PULLMAN, Wash.—Michael Tate retired from Washington State University on September 30 and one of his first planned trips will be his induction ceremony into the National 4-H Hall of Fame.
Tate, WSU’s Chief Diversity Officer and a professor of Human Development, will be inducted into the 4-H Hall on October 10 in Chevy Chase, Maryland.
“I am so honored and humbled,” said Tate, the former dean of Extension at WSU. “It’s not often I’m in search of words, but I was when I heard about this.”
The 4-H Hall of Fame was established in 2002 to mark the organization’s centennial celebration. The Hall of Fame recognizes 4-H volunteers, financial supporters, staff, faculty and pioneers who made major impacts within the 4-H movement at the local, state, and national levels.
Tate has been at WSU since 1998 in various roles, and worked in 4-H and Extension in his native Michigan for over 25 years before moving to Pullman.
“There’s no one more deserving of this honor,” said Richard Koenig, the director of Extension at WSU. “Mike has devoted his life’s work to 4-H and the mission of helping young people.”
Tate was born in Detroit and first heard about 4-H when, at age 6, he took part in a program with students at Michigan State University. They helped the youngsters start a garden and learn about where food comes from. They also talked about 4-H, which Tate had never heard of.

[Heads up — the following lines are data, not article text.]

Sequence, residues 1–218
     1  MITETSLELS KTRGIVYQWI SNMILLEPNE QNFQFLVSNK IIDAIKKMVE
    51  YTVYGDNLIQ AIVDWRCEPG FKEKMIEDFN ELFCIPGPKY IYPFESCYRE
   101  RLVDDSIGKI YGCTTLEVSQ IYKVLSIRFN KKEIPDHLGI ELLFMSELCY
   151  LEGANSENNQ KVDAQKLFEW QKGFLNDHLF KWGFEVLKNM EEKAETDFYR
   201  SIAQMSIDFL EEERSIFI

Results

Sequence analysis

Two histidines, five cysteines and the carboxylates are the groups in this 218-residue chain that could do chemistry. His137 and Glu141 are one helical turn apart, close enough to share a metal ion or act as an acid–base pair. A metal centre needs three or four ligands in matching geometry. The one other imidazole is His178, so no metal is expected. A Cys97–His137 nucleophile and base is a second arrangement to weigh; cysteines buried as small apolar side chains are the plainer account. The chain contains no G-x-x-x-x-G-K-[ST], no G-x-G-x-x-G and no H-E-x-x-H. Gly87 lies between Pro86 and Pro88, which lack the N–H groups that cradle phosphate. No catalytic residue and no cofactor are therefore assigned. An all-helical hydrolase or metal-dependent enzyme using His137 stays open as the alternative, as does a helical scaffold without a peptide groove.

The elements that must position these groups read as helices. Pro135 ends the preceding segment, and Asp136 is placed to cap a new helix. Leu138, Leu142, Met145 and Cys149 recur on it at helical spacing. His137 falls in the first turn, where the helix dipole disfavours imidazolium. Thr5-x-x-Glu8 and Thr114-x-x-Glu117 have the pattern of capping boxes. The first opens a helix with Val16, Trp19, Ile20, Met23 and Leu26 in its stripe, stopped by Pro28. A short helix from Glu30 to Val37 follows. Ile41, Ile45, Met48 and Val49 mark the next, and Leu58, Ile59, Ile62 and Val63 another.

But after that, he didn’t hear about 4-H again until he was preparing to graduate from Michigan State University in the early 1970s. He accepted a job in MSU’s Extension program, working in 4-H development in Berrien County, Michigan. He eventually worked his way up to assistant director of Extension at MSU.
“I learned early on in my time at Michigan State that I wanted to do something that had an impact on young people,” Tate said.
From 2002-2004, Tate was on special assignment in Washington DC in the Department of Agriculture as Chief Education Officer for the Cooperative State Research, Education, and Extension Service. He returned to WSU after that to serve as interim vice president of Equity and Diversity, which became permanent a year later.
After his induction ceremony, Tate’s retirement plans include spending more time with his grandchildren in Oregon and Michigan and maybe even teach some classes. He and his wife also plan to travel as much as possible.